Shirley Gunter is often credited with helping to jumpstart the popularity of R&B girl groups in the 1950s. Gunter grew up in a musical family, singing and writing music with her mother and her brother Cornell (who went on to become a member of the Coasters).
In her early teens, Gunter formed a group with Blondene Taylor, Lula Bee Kinney, and Lula Mae Suggs. They performed and recorded together as “Shirley Gunter and the Queens.” Some contemporary sources also indicate that Zola Taylor (later of the Platters) also sang with the group, although it does not appear she was on any of their recordings. In 1954, Gunter and Taylor co-wrote an uptempo doo-wop song called “Oop Shoop,” which the Queens cut for Flair records. The song performed well on the national R&B charts that fall, and it was soon covered by the Crew Cuts, who had a national pop hit with it. The Queens toured on the success of the song.
Etta James recalled in her autobiography that “the Queens were the first female group where all the gals could sing. Shirley sang her ass off. Blondene quit the group to travel as my companion. She could play piano but mainly she could play men.” With Taylor’s departure, the group was broken up by 1956.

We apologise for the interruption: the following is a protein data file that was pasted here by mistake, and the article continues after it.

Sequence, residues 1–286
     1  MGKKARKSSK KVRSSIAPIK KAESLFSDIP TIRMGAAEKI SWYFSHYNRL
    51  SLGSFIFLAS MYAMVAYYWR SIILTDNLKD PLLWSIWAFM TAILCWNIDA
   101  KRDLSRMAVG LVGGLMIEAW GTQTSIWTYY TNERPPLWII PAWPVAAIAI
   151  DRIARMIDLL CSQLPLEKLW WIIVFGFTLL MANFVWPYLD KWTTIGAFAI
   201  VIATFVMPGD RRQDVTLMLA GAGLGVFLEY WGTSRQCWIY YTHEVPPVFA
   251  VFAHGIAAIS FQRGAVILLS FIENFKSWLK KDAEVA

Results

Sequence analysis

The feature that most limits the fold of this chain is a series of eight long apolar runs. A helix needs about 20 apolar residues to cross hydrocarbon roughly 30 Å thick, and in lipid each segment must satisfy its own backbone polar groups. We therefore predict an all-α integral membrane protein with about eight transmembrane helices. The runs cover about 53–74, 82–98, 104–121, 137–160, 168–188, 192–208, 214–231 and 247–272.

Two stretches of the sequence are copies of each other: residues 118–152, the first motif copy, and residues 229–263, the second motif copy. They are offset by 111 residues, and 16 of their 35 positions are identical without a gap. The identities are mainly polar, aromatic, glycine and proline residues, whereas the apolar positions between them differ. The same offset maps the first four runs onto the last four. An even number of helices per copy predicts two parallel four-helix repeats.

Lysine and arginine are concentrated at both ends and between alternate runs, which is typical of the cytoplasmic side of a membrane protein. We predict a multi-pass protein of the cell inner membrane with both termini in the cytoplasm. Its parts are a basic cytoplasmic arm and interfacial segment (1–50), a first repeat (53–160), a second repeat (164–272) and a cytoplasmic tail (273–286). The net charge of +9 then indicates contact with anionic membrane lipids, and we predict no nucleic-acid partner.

After the Queens, Gunter pursued a solo career. She recorded several sides in the later half of the 1950s, with her brother Cornell’s group the Flairs as well as solo. Her manager, Buck Ram, managed a number of successful doo-wop groups. Gunter appeared on a number of rock and roll shows and tours, sharing a bill with acts like Bill Haley, Frankie Lymon, Shirley & Lee, and Chuck Berry.
Shirley Gunter and the Queens. “Oop Shoop” / “It’s You.” Flair 1050 (1954)
Shirley Gunter and the Queens. “You’re Mine” / “Why.” Flair 1060 (1955)
Shirley Gunter And The Flairs. “Fortune In Love” / “I Just Got Rid Of A Heartache.” Modern 45X1001 (1956).
Shirley Gunter. “I’m Sorry” / “I’ve Been Searching.” Modern 45X1011 (1957).
“Rock and Roll Gets Refined for Theaters,” Billboard, 17 March 1956, 1.
“Shirley Gunter Helped to Keep Good Ol’ Soul Stirring Days Alive,” New York Age Defender, 24 November 1956.
“4,500 Rock ’n Roll Fans Roar at Auditorium Show,” Democrat and Chronicle (Rochester, NY), 27 October 1956.
Will Jones, “After Last Night,” Star Tribune (Minneapolis, MN), 9 November 1956.
Etta James and David Ritz, Rage to Survive: The Etta James Story (Da Capo, 1995), 71–73.